With the UK once again overseen by a long term Conservative government, it seems right to look back at an earlier time when that was the case via You Are Maggie Thatcher. Polarising throughout the 1980s, Margaret Thatcher was nonetheless elected UK Prime Minister three times despite her policies considerably broadening the gulf between rich and poor. Like the 2020s Conservatives, she sold aspiration by setting people against each other, and it’s safe to say writer Pat Mills despises her. Artist Hunt Emerson doesn’t seem too fond either, drawing on both Steve Bell’s newspaper strip version and the Spitting Image TV show puppet for his caricature.

Beyond the opening explanatory pages, You Are Maggie Thatcher makes no sense if read sequentially. It’s a game book, with the reader cast as Maggie, and prompted into making the decisions that she would to increase her popularity and ensure another election win. Mills offers the options, and once the decision is made the reader turns to the appropriate page to discover the result, and continues from there.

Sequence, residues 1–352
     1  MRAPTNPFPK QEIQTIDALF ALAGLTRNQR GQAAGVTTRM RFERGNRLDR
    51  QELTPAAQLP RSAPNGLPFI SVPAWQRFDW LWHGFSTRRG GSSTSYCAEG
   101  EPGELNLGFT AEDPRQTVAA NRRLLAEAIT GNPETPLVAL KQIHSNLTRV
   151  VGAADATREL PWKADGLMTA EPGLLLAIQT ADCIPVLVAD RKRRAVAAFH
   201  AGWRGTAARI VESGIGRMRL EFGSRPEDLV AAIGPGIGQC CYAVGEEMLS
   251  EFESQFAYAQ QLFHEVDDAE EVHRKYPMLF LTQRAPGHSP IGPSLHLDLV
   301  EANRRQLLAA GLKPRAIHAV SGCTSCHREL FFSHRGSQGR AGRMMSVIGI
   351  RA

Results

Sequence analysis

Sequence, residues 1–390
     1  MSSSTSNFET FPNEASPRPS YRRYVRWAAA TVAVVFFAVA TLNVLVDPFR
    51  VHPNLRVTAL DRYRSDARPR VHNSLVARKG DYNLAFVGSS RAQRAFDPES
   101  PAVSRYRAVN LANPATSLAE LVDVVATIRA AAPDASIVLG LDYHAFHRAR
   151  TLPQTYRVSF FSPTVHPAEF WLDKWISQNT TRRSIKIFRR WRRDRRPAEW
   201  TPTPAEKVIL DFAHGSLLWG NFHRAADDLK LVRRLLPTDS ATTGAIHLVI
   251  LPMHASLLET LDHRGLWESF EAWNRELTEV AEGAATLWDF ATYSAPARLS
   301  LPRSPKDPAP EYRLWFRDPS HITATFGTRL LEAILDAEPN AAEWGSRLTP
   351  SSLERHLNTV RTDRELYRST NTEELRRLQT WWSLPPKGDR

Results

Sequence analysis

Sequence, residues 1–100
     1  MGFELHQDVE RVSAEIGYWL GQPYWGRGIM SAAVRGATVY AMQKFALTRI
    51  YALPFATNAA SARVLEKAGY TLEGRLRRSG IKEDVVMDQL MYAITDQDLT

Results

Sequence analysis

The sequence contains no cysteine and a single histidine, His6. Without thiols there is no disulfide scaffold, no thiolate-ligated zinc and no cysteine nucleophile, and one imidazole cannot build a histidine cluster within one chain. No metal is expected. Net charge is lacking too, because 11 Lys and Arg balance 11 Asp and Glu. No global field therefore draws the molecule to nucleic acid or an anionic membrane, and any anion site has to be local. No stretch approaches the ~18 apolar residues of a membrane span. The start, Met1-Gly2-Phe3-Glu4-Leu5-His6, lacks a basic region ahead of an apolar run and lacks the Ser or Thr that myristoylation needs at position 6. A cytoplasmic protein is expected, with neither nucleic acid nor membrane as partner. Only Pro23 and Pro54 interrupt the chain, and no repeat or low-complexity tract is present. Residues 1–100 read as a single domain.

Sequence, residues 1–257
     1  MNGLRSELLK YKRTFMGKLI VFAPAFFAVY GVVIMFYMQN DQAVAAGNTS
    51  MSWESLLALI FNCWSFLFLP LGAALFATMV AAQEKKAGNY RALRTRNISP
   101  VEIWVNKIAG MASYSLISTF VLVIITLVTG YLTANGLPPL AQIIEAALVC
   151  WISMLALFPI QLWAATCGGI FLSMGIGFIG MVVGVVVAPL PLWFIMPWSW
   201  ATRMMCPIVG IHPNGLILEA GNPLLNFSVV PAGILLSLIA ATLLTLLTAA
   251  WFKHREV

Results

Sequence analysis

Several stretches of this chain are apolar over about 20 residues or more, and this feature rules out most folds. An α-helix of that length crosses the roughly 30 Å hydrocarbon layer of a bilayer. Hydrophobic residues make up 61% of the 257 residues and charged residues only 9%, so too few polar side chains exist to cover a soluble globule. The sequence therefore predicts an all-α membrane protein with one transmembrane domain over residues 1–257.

Despite Maggie and her ministers now having faded into history, many of the problems Mills references remain contemporary. Deciding whether or not to ally with a US invasion, to continue with nuclear power, or to manipulate statistical figures all have 21st century equivalents, and the malicious glee with which Emerson caricatures the ministers gives them a personality whether or not you know who they are. He also puts a lot of effort into the rest of the art, filling the pages with montages or packed panels of rampaging police mobs or the consequences of a nuclear meltdown, and there’s a great nod to Heironymus Bosch.

Mills manages to keep his vitriol in check through the awareness that for every outcome where Maggie is successful, there’s one where she comes a cropper, these illustrated by Emerson for maximum embarrassment. One imagines the page of her tied to the ground and being force-fed manure still hangs in Mills’ office somewhere. His triumphs and disasters are creative, and what seems to be one may ultimately be the other, which is clever, and he’s equally scathing about the quality of the political opposition, in case that matters. There are nods to Psycho, a rhyming sequence and a truly monstrous Maggie.

This isn’t the career defining work of either creator, but working through the game remains fun, and despite only being 86 pages, there’s a density due to the effort on Emerson’s part in bringing Mills’ scenarios to life.